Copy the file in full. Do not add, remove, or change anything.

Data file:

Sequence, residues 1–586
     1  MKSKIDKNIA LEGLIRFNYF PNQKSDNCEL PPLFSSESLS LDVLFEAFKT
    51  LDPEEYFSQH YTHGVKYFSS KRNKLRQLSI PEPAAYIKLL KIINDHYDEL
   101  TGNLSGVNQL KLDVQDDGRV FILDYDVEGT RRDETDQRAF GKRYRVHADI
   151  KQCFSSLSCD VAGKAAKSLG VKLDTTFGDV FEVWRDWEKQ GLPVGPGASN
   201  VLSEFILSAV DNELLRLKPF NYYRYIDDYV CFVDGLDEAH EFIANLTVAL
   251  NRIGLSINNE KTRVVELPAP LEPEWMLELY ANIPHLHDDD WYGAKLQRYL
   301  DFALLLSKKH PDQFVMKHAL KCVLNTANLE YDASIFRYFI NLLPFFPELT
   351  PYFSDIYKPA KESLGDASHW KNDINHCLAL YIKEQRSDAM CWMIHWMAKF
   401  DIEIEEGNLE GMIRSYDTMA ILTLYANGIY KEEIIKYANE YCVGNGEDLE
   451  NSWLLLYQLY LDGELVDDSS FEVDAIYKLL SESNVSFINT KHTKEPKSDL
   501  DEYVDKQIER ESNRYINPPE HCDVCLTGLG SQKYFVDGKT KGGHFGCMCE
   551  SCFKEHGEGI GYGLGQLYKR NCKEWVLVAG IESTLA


Sequence, residues 1–586
     1  MKSKIDKNIA LEGLIRFNYF PNQKSDNCEL PPLFSSESLS LDVLFEAFKT
    51  LDPEEYFSQH YTHGVKYFSS KRNKLRQLSI PEPAAYIKLL KIINDHYDEL
   101  TGNLSGVNQL KLDVQDDGRV FILDYDVEGT RRDETDQRAF GKRYRVHADI
   151  KQCFSSLSCD VAGKAAKSLG VKLDTTFGDV FEVWRDWEKQ GLPVGPGASN
   201  VLSEFILSAV DNELLRLKPF NYYRYIDDYV CFVDGLDEAH EFIANLTVAL
   251  NRIGLSINNE KTRVVELPAP LEPEWMLELY ANIPHLHDDD WYGAKLQRYL
   301  DFALLLSKKH PDQFVMKHAL KCVLNTANLE YDASIFRYFI NLLPFFPELT
   351  PYFSDIYKPA KESLGDASHW KNDINHCLAL YIKEQRSDAM CWMIHWMAKF
   401  DIEIEEGNLE GMIRSYDTMA ILTLYANGIY KEEIIKYANE YCVGNGEDLE
   451  NSWLLLYQLY LDGELVDDSS FEVDAIYKLL SESNVSFINT KHTKEPKSDL
   501  DEYVDKQIER ESNRYINPPE HCDVCLTGLG SQKYFVDGKT KGGHFGCMCE
   551  SCFKEHGEGI GYGLGQLYKR NCKEWVLVAG IESTLA